A profile of Mary Jo White, the chair of the Securities and Exchange Commission, who is making a name for herself as a tough enforcer. But when it comes to regulating, can White keep Wall Street in check?:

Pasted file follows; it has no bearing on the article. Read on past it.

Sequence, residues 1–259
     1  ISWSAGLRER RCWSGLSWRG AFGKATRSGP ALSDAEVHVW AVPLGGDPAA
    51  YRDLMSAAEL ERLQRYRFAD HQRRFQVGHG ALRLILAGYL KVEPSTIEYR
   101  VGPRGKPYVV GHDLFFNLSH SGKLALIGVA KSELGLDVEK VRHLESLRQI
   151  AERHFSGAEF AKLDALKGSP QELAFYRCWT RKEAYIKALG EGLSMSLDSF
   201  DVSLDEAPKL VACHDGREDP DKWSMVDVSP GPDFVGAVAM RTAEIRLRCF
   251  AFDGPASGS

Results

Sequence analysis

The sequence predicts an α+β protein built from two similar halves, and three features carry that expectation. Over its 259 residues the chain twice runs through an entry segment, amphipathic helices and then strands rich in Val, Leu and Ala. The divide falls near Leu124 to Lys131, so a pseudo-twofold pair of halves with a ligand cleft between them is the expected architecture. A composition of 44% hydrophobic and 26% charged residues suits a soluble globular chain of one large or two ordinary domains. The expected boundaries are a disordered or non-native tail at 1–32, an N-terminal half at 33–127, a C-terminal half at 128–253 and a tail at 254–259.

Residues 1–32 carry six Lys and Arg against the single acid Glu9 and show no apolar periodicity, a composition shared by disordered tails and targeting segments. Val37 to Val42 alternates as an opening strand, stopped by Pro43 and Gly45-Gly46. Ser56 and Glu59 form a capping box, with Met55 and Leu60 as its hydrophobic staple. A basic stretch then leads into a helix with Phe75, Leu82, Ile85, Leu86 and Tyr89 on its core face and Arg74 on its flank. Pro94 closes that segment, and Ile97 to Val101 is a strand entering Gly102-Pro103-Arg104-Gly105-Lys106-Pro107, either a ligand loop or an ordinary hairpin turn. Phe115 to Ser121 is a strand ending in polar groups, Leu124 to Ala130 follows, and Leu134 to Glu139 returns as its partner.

As the country sank into a severe recession, many wondered why the major figures in the financial world, whose firms had received billions of taxpayer dollars at the height of the crisis, weren’t being punished for their misdeeds. Because the S.E.C.—unlike the Treasury or the Federal Reserve—is an enforcement agency, it became the focus of the frustration. It was publicly humiliated when, in 2009, and again in 2011, a federal judge in New York, Jed Rakoff, tartly rejected its proposed settlements in fraud investigations of Bank of America and Citigroup. The Bank of America settlement, Rakoff wrote, “does not comport with the most elementary notions of justice and morality.” Rakoff’s Citigroup opinion concluded with a flourish: “In much of the world, propaganda reigns, and truth is confined to secretive, fearful whispers. Even in our nation, apologists for suppressing or obscuring the truth may always be found. But the S.E.C., of all agencies, has a duty, inherent in its statutory mission, to see that the truth emerges; and if it fails to do so, this Court must not, in the name of deference or convenience, grant judicial enforcement to the agency’s contrivances.” As one person who worked in the S.E.C.’s enforcement division put it when I spoke to him, “Judge Rakoff was wagging a finger at the S.E.C.” He raised his middle finger.